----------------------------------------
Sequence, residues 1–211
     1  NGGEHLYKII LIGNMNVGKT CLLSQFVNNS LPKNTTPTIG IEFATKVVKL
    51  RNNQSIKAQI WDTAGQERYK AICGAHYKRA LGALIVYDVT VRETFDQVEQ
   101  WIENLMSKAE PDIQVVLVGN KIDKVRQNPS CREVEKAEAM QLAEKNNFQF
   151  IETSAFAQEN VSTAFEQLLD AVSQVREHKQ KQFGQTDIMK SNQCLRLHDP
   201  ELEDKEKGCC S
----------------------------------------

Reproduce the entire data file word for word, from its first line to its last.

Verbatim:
Sequence, residues 1–211
     1  NGGEHLYKII LIGNMNVGKT CLLSQFVNNS LPKNTTPTIG IEFATKVVKL
    51  RNNQSIKAQI WDTAGQERYK AICGAHYKRA LGALIVYDVT VRETFDQVEQ
   101  WIENLMSKAE PDIQVVLVGN KIDKVRQNPS CREVEKAEAM QLAEKNNFQF
   151  IETSAFAQEN VSTAFEQLLD AVSQVREHKQ KQFGQTDIMK SNQCLRLHDP
   201  ELEDKEKGCC S